Presentation T P14

T P14 (Poster Presentation):
'I think positivity breeds positivity': The role of significant others in supporting those with chronic musculoskeletal pain to stay at work

Presented by: Haitze Janko de Vries

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Authors

de Vries HJ1, McCluskey S2, Brooks J2, Reneman MF3, Brouwer S1

  1. Department of Health Sciences, Community and Occupational Medicine, University Medical Center Groningen, University of Groningen, The Netherlands
  2. Institute for Research in Citizenship and Applied Human Sciences, University of Huddersfield, Queensgate, UK
  3. Department of Rehabilitation Medicine, Center for Rehabilitation, University Medical Center Groningen, University of Groningen, The Netherlands

Abstract

Background

Several studies have proposed that significant others (spouse/close family member) can reinforce unhelpful pain cognitions, pessimism about the outcome of treatment and the unlikelihood of returning to work for those with chronic musculoskeletal pain (CMP). However, research is rarely conducted with significant others of those with CMP who remain at work, and their influence on work participation remains unclear.

Methods

Two separate studies were conducted in the Netherlands and in the UK. In the Netherlands, workers with CMP and their spouses completed standard and significant other versions of the Multidimensional Pain Inventory, the Pain Self-efficacy Questionnaire and the Pain Catastrophizing Questionnaire (n=103). In the UK, semi-structured interviews based on the chronic pain version of the Illness Perceptions Questionnaire-Revised were conducted with workers with persistent back pain and their significant others (n=10).

Results

In the Dutch study, moderate to high levels of perceived self-efficacy and significant other supportive responses, moderate levels of solicitous and distracting responses, and low levels of punishing responses and catastrophizing were reported by both workers and their significant others in relation to the worker’s CMP. No significant differences existed between both sets of scores, with the exception of pain catastrophizing, whereby workers reported lower levels than their spouses (11.1 versus 14.4;p<0.01). Qualitative data from the UK study supported these findings, further elaborating on the above concepts. Significant others described their support in terms of help with everyday activities, being encouraging to stay active, communicating about the pain, keeping a positive outlook, and admiring their spouses efforts to remain at work. Significant others were viewed as an important factor in helping maintain continued work participation by workers with CMP.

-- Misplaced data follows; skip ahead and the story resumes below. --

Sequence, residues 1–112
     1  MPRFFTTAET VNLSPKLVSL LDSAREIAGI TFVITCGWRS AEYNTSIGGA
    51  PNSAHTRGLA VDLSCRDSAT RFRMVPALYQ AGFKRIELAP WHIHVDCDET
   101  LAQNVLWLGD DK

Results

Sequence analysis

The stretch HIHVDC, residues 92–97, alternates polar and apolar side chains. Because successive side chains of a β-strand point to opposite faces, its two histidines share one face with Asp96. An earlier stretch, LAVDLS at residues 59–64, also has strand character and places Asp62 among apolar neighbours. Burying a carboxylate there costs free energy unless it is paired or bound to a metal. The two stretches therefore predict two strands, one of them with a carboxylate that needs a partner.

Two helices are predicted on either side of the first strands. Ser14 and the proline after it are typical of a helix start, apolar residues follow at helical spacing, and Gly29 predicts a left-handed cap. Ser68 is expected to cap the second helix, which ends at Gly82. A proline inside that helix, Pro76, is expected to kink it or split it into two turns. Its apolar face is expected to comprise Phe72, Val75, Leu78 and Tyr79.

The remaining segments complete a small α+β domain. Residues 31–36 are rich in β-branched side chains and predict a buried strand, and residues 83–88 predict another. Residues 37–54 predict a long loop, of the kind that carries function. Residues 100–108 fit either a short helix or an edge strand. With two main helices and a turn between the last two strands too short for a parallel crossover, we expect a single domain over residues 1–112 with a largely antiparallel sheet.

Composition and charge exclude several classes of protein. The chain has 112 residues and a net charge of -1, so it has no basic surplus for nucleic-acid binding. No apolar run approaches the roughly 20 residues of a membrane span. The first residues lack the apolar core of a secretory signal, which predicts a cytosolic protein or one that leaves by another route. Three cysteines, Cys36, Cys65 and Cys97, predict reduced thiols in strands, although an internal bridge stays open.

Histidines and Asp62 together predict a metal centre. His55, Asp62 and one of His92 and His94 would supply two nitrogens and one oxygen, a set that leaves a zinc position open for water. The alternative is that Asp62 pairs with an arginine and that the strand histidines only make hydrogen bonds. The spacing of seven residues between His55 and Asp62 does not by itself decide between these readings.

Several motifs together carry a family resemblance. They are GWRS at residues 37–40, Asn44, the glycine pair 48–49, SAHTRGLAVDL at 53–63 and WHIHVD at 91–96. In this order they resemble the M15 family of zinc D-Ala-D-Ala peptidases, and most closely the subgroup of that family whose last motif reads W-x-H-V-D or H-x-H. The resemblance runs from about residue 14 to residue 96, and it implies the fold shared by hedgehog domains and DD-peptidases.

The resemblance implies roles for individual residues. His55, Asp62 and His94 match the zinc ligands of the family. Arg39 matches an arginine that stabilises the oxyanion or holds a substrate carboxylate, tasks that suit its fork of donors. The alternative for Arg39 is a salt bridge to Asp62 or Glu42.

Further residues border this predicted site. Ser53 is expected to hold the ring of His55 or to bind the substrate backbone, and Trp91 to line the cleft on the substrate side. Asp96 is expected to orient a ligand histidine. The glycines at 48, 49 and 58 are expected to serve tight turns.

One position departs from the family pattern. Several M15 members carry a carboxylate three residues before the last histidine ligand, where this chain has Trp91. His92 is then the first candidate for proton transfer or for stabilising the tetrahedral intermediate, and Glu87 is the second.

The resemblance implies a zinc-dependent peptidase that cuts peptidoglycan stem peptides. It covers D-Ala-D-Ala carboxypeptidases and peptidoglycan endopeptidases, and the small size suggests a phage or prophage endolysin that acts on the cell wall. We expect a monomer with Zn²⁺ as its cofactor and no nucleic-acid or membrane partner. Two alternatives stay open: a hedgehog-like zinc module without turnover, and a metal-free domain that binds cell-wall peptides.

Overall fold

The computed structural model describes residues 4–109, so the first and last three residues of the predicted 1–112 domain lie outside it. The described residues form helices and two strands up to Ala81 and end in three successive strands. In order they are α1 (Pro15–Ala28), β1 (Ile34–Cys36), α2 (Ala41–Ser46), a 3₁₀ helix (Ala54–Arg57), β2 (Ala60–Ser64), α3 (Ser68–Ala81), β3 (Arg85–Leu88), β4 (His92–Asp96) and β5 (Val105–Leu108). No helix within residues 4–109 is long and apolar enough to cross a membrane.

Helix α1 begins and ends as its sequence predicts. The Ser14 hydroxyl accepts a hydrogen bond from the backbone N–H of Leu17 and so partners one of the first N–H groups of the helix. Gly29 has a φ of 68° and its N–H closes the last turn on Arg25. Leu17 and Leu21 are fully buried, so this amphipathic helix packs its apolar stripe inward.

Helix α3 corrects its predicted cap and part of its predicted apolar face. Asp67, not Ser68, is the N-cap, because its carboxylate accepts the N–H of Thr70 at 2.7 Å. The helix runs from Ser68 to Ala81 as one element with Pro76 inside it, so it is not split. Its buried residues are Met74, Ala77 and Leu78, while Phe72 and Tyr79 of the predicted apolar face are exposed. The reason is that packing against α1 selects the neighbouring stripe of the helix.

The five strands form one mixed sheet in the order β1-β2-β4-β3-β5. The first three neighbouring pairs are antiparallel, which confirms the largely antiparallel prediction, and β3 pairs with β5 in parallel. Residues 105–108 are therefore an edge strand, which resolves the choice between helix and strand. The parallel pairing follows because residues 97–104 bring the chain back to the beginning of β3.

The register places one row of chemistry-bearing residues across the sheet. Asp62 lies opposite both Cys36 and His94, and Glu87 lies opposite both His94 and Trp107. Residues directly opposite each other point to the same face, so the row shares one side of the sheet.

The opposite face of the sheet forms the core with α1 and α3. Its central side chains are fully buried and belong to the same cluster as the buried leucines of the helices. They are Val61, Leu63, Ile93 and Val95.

Conclusions

This cross-European, mixed-methods research indicated that significant others may positively contribute to continued work participation for those with CMP. These findings further highlight the importance of the worker’s social environment, and suggest that significant others could usefully inform vocational rehabilitation.

Schedule Details

Tuesday September 30
12:45 - 13:45 Poster Viewing
Session: Social issues